Britain has set the timetables to legislate its increase in State Pension Age from 65 to 67. A decade ago, the eligible age to claim the state pension was at 60 for women and at 65 for men in the UK.
According to the Outline of the 14th Five-Year Plan (2021-2025) for National Economic and Social Development and the Long-Range Objectives Through the Year 2035, China will take small steps to raise the retirement age currently for men at 60, women at 55 for white-collar workers and 50 for blue-collar employees.
In terms of graying population's welfare, the US government has implemented some limited measures in the past, including pension subsidies for the elderly, and during this age of Covid-19, financial and medical assistance from the Coronavirus Aid, Relief and Economic Security (CARES) Act.
However, these are far from sufficiently providing adequate aid to the large number of elderly Americans. With Joe Biden emerged victoriously as the 46th US President, the US society will become more integrated than in the past, with some of the major domestic issues, and the future of American society is likely to opt for transformation towards welfare-oriented, which would mean that older population of the US will be likely to receive better health and financial support.
Even during his presidential election campaign, Biden had promised a list of supports for the elderly, which includes paid leave and tax credits for families caring for older persons, as well as providing more funding for community-based long-term services and supports, in addition to reforming the Social Security. Although it remains to be seen how effective and efficient all these can be fulfilled, by rolling out pandemic recovery stimulus package, at least some of these aspects will see certain improvements.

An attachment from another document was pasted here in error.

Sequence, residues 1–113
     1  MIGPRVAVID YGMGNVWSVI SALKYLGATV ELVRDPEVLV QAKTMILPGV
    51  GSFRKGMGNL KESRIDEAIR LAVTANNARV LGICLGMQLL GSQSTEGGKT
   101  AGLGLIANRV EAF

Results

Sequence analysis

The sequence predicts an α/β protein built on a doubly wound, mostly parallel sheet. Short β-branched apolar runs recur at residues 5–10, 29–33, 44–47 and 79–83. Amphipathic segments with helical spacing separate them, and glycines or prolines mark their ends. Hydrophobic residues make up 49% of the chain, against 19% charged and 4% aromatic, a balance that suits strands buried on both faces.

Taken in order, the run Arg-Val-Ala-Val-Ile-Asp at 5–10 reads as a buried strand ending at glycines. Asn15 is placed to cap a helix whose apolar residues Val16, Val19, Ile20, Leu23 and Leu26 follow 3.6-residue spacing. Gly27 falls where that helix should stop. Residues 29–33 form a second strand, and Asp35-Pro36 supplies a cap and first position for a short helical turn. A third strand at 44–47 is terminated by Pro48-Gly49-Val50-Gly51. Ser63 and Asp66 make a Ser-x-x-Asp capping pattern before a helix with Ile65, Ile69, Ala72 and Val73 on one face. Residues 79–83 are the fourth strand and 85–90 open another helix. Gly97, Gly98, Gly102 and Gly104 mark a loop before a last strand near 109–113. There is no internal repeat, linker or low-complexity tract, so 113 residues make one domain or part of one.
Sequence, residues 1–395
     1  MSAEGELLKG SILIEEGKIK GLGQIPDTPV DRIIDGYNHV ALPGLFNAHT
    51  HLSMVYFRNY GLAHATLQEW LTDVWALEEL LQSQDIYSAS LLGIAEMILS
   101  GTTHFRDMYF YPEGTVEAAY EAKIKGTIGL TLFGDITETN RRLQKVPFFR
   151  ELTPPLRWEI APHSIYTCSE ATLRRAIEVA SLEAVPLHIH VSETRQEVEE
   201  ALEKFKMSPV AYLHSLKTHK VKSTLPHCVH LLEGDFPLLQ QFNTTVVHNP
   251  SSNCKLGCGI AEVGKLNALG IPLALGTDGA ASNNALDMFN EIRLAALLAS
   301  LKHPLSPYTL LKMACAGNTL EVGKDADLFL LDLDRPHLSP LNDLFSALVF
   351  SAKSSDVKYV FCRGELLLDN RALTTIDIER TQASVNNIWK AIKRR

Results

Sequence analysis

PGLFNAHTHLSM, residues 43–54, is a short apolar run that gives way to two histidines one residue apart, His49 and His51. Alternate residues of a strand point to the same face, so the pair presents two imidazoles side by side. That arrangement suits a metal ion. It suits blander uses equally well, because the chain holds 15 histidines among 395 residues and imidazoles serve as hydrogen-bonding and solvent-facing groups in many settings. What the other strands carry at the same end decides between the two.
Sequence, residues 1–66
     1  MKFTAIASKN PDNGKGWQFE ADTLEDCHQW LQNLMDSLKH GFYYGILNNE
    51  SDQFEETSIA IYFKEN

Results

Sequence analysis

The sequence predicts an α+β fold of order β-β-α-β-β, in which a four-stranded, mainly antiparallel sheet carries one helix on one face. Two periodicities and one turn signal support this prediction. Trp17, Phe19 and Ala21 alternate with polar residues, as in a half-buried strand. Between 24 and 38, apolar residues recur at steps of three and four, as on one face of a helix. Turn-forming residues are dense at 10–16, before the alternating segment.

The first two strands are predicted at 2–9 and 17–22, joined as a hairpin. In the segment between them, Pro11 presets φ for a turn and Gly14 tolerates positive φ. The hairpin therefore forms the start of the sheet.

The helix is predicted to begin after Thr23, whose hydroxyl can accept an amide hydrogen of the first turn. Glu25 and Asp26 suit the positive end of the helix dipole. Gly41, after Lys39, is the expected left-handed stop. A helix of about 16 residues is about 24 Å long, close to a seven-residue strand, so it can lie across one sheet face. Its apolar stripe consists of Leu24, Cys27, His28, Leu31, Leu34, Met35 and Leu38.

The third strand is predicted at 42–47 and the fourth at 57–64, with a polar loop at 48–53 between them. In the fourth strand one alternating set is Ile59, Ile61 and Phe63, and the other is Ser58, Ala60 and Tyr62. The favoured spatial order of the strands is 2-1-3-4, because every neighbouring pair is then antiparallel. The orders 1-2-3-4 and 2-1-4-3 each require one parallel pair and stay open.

With high amount of spending for the increasing number of advanced age population, it is particularly daunting for countries during the pandemic period, as well as in the post-Covid world. During the pandemic, elderly people were the most vulnerable group. The age-friendly cities would be well protected with advanced care services, i.e., remote health monitoring, online diagnosis, daily care robots, and mental comfort.
Digital solutions that help tackle with issues for population of older ages are to rely on technology collaboration, develop aging products integrated with VR, AI, cloud, IoT, 5G/6G, robotics, biometrics, and anti-digital crime. The equality with access to the Internet and conceivable gadgets could prepare for older people in uncertainties.
Foreseeably, scientific and technological welfare will increasingly play more vital roles to reassure the elderly's needs in a city district or a rural village. Smart solutions can offer data platforms open to the community and engage business executives who are able to make the public and private partnerships in financing and improving welfare distribution. New forms of business will provide the aging population with more desirable health care, medicare, leisure and entertainment.
With the adaptation of technology, elderly services can reduce costs and promote efficiency, alleviate the current situation of poor information circulation and shortage of human resources. There is thus an urgency for policymakers to rethink creating an inclusive service system for elderly people at home, in their community, and in hospice care.
All in all, the well-being for the graying population is a pressing issue for governments, medical professions, service industry, property developers, and family members. This is now the high time for all to get well-prepared for what lies ahead.
Yi Wang is Head of Global Development Program and Senior Consulting Fellow, ANBOUND and SK Chia is Chief Editor, ANBOUND Malaysia